Linked same-sex parents with porn
A contributor to the newspaper of the Archdiocese of Boston said yesterday he regretted a portion of a column that has infuriated gay Catholics in the region.
In the column, published last week, the writer argued that one reason the children of gay parents should not be admitted to Catholic schools is the “real danger’’ that they would bring pornography to school.
That allegation, plus several others in the column, has drawn a torrent of criticism from gay rights advocates.
And yesterday, the editor of the paper, The Pilot, said in a statement, “The tone of the piece was strong, and we apologize if anyone felt offended by it.’’
The controversy began June 4, when The Pilot published a column by Michael Pakaluk, a former philosophy professor at Clark University in Worcester and former visiting scholar at Harvard who now teaches in Virginia. Pakaluk was reflecting on another controversy, regarding the decision by a Hingham priest to rescind the acceptance of a child of a lesbian couple to a local parochial school.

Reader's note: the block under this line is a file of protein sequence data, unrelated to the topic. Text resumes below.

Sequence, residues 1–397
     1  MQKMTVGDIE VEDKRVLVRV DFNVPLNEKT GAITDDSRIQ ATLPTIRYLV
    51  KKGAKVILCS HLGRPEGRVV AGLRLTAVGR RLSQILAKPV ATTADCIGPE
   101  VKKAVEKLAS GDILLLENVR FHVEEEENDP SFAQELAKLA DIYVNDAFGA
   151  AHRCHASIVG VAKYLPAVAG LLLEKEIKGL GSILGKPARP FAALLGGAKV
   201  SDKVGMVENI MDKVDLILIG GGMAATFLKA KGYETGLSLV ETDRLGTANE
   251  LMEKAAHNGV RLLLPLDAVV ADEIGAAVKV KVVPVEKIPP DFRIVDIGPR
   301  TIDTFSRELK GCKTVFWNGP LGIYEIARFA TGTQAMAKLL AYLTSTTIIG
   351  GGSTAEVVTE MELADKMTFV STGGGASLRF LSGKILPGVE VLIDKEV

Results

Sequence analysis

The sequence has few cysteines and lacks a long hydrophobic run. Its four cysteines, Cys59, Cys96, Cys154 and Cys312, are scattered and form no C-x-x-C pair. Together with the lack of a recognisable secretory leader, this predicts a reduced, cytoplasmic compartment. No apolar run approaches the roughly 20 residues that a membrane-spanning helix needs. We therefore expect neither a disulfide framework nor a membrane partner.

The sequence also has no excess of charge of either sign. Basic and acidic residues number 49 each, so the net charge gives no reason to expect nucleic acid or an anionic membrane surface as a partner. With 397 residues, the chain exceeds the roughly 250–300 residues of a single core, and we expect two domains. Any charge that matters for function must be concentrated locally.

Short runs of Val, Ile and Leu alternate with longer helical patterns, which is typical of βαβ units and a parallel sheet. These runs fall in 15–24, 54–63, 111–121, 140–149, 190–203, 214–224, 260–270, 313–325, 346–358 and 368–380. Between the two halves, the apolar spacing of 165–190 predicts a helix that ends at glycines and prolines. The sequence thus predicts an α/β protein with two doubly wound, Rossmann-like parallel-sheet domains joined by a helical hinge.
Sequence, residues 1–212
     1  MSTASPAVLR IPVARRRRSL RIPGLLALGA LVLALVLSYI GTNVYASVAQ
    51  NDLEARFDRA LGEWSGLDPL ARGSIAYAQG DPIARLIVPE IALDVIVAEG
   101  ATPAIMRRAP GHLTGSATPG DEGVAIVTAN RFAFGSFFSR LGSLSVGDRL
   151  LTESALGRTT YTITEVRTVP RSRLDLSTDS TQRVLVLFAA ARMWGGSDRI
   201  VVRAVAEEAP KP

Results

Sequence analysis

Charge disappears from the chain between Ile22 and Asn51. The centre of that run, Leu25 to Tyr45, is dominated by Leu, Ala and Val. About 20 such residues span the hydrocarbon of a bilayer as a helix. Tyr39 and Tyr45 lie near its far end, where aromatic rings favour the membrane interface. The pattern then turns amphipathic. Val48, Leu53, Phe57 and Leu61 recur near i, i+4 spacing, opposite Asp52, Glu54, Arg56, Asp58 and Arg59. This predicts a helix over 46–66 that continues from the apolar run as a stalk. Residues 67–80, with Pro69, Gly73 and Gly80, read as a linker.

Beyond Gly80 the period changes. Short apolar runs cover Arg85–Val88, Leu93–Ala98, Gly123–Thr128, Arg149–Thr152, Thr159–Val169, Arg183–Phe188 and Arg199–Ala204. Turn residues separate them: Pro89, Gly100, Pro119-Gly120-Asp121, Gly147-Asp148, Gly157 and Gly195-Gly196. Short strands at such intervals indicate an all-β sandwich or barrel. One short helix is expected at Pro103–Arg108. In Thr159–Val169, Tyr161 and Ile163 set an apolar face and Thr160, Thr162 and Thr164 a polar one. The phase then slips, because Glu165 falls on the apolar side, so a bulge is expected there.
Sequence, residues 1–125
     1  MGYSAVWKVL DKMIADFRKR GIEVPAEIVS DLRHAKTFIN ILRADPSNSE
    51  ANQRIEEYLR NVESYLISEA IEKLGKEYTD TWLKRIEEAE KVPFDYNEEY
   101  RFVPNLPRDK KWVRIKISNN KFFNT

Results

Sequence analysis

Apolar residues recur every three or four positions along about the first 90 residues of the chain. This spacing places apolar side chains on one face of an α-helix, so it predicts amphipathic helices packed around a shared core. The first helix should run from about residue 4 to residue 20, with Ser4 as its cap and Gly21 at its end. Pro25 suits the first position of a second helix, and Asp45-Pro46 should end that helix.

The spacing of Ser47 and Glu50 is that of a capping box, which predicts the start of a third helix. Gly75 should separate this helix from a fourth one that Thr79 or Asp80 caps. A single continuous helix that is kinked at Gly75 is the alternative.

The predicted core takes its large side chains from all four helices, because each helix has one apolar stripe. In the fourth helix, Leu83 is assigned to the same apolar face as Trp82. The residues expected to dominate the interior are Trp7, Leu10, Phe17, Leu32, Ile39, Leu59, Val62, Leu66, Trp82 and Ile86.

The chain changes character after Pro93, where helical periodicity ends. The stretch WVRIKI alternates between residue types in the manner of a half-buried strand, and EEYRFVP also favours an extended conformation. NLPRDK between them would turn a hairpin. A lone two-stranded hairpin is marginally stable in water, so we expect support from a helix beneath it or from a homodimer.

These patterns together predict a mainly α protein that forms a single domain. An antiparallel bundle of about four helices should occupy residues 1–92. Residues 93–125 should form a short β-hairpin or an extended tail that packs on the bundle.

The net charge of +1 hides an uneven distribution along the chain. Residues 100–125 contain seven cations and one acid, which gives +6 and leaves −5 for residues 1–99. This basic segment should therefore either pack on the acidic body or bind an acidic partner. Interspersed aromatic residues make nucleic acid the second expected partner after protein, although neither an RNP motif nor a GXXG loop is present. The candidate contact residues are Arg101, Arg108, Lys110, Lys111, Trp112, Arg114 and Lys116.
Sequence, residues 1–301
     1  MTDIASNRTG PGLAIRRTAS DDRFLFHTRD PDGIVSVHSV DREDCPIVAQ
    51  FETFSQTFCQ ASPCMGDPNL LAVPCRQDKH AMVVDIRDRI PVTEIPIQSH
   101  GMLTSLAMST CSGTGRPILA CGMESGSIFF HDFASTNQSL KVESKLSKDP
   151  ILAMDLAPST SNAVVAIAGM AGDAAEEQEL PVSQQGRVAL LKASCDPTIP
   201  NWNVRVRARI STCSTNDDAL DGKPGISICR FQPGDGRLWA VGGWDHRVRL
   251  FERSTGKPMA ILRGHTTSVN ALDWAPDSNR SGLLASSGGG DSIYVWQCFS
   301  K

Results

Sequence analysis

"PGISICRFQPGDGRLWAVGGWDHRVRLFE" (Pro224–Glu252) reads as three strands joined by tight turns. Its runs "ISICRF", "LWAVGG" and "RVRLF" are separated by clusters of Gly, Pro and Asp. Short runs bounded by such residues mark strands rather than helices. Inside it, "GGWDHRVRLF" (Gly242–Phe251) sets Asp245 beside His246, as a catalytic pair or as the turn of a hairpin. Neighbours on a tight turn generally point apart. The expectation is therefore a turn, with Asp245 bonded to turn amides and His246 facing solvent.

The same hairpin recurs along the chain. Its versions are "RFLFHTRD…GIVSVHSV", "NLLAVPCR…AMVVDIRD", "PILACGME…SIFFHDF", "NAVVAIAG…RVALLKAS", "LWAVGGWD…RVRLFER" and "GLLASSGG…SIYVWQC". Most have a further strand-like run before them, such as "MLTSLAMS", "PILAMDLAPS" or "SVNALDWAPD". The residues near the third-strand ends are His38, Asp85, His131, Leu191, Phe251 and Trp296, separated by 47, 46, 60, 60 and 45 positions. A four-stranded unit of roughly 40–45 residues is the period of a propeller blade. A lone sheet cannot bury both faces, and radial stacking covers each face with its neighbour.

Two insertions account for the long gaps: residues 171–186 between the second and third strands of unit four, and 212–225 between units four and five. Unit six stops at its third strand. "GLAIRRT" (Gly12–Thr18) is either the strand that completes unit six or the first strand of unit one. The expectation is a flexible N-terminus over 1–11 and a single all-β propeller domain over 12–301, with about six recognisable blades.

The Archdiocese of Boston has just begun developing a policy regarding the admission of children of gay parents to Catholic schools, following the Hingham controversy.
In the column, Pakaluk wrote that pornographic items “go along with the same-sex lifestyle, which — as not being related to procreation — is inherently eroticized and pornographic.’’
In a phone interview yesterday, however, Pakaluk said he now views that sentence as a “weak argument.’’
“I think I probably would not make that point again, and I can see how it would be offensive,’’ he said.
In the column, Pakaluk also expressed concern that by welcoming gay families, Catholic schools could give children the impression that the practice of homosexuality is acceptable, as well as potentially provide an opportunity for a gay parent to “advocate for his lifestyle.’’ He added that gay parents should not be called “parents’’ unless they are biologically related to their children.
See more at:Homosexuality, Porn & the Classroom (Change.org)